7 May, 2017
Safety Guidelines for Essential OilsPosted in : dōTERRA Essential Oils on by : BevG Tags: Asthma, Basil, Bergamot, Birch, Cassia, Cinnamon, Clove, Coconut oil, CPTG, Digestive Blend, Dilute, doTERRA, Epilepsy, Essential Oils, FCO, Fennel, Fractionated Coconut Oil, Geranium, Ginger, Grapefruit, High Blood Pressure, Lavender, Lemon, Lime, Oregano, Peppermint, Photosensitive, Pregnancy, Pure, Safety, Sandalwood, Thyme, Wild Orange
Essential oils are very safe and easy to use. However, it is important to remember that therapeutic grade essential oils are highly concentrated plant extracts and should be used with reasonable care. It is beneficial to have an understanding of the characteristics of various oils and necessary precautions.
Never apply oils directly to the eyes or ear canal. After application, avoid rubbing the eyes, around the eyelids, handling contact lenses, or touching the interior of ones nose. The skin around the genitals and mucous membranes areas are also sensitive and prone to irritation.
Dilute with oil, not water. If you happen to get an essential oil somewhere you did not intend, or experience discomfort when applying it to your skin, please use a carrier oil or pure vegetable oil to rinse or dilute the area. Using water will increase the discomfort.
Use a carrier oil with babies, children and those with sensitive skin. Care should be used with babies, children, and the elderly. Their skin is more sensitive and susceptible to irritation, burning, or stinging sensations. Use a carrier oil to protect this sensitive skin against irritation. When applying oils to babies & children, ensure they will not accidentally get the oils in their eyes or mouth (bottoms of the feet and then covered with socks, or along the spine are good locations).
Warm oils Some oils, such as cinnamon, thyme, oregano, cassia and clove, can feel very warm or even hot/burning on the skin and therefore should be diluted with a carrier oil when used topically, even on adults. Peppermint is a cooling oil, but is another oil you may want to dilute.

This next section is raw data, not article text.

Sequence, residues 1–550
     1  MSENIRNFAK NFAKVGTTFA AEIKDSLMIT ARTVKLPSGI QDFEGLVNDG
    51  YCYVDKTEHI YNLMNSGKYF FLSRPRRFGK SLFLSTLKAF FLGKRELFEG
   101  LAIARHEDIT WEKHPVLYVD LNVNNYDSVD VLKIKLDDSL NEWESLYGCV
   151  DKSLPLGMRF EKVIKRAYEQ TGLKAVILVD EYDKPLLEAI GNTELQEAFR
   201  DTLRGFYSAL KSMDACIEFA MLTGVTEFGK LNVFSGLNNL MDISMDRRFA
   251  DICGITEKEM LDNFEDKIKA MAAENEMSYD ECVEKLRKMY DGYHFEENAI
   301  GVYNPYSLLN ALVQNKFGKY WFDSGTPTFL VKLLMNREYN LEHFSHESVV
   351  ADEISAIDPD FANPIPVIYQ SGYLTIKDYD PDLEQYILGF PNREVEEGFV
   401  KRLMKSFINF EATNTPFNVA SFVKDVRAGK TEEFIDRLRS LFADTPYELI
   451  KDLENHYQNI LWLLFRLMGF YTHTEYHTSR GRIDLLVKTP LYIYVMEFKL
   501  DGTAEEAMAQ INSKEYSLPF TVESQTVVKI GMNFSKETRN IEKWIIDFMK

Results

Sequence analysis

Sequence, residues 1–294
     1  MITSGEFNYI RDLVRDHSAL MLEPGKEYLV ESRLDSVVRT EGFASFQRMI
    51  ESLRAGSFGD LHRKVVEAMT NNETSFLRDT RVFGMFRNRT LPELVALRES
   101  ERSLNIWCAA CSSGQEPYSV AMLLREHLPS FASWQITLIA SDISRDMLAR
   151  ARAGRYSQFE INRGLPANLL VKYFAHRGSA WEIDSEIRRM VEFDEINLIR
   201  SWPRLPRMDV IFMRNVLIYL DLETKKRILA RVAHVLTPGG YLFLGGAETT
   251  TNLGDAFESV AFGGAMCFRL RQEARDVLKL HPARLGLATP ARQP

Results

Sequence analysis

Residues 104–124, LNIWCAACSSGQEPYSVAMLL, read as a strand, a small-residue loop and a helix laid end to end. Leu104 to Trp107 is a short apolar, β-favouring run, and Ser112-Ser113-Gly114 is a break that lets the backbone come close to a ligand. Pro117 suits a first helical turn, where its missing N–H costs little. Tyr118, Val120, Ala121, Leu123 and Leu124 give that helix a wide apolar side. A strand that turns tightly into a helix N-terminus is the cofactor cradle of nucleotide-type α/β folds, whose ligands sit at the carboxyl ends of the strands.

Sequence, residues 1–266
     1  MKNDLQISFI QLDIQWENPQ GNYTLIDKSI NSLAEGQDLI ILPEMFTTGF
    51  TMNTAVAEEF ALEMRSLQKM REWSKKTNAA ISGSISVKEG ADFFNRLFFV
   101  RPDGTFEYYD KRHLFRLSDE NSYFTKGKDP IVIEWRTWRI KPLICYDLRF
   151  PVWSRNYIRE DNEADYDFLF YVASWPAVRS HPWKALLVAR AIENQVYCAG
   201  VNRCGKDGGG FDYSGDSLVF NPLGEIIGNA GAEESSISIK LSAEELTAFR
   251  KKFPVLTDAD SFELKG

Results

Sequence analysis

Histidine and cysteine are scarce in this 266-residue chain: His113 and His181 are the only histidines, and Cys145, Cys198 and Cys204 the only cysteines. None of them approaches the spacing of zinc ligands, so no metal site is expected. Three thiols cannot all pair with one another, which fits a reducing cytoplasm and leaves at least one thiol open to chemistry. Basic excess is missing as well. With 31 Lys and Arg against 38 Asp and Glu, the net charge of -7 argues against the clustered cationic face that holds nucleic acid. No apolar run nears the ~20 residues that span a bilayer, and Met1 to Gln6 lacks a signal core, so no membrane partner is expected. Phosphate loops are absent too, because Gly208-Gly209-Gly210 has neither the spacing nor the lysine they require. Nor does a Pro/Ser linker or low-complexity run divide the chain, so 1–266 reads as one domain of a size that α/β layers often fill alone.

Some essential oils are photosensitive. Photosensitive oils, primarily citrus oils, react to radiant energy or light such as natural sunlight, sunlamps, or other sources of UV rays. The result is a dark pigmentation or a rash on the skin. To avoid issues with photosensitive oils, wait a minimum of six hours before exposing skin where you have applied citrus oils to UV rays/sunshine.
Internal Use. While most essential oils on the market should not be taken internally (and this warning is usually on the label), certified pure oils are labeled as dietary supplements and are safe for internal use, in small quantities. Mild oils may be taken under the tongue or in water, hot oils should be placed in capsules. Many oils may be used in cooking recipes for flavoring and/or therapeutic benefits.
Pregnancy & Nursing. While oils applied topically at ordinary levels should not be harmful to a developing fetus, please use caution with essential oils during pregnancy. Popular oils generally considered safe to use during pregnancy include. bergamot, ginger, geranium, lavender, lemon, sandalwood, wild orange and ylang ylang, however, other oils may also be suitable; consult your healthcare provider if you have questions or concerns. Additional oils may be helpful during and after delivery. Internal use of peppermint can reduce milk supply in some mothers, so you may want to avoid it prior to delivery and while nursing.
Critical health conditions. Persons with asthma, epilepsy, high blood pressure, or other critical health conditions can definitely benefit from essential oils, but may want to consult a healthcare professional. In general, those with epilepsy should be cautious or avoid: fennel, basil, birch and digestive blend; those with high blood pressure should be cautious or avoid thyme and rosemary.
A little goes a long way. Essential oils are pure concentrates. The higher quality the oil, the more potent it will be and smaller amounts are required. One or two drops is considered a dose. Less oil, more often, is best. Unlike synthetic medications, you do not need to wait 4 hours before using an oil again. Apply the oil; if there is still pain, apply more again in a few minutes.
Essential oil and bath water. One common application method is in a bath. When using undiluted oil in bath water, use a dispersing gel (bath/shower gel can work) to prevent oil from pooling as a concentrated drop in the water. Also note that oils will evaporate quickly in very hot water.
Many oils are flammable. Keep them clear of open flame, spark, or fire hazards.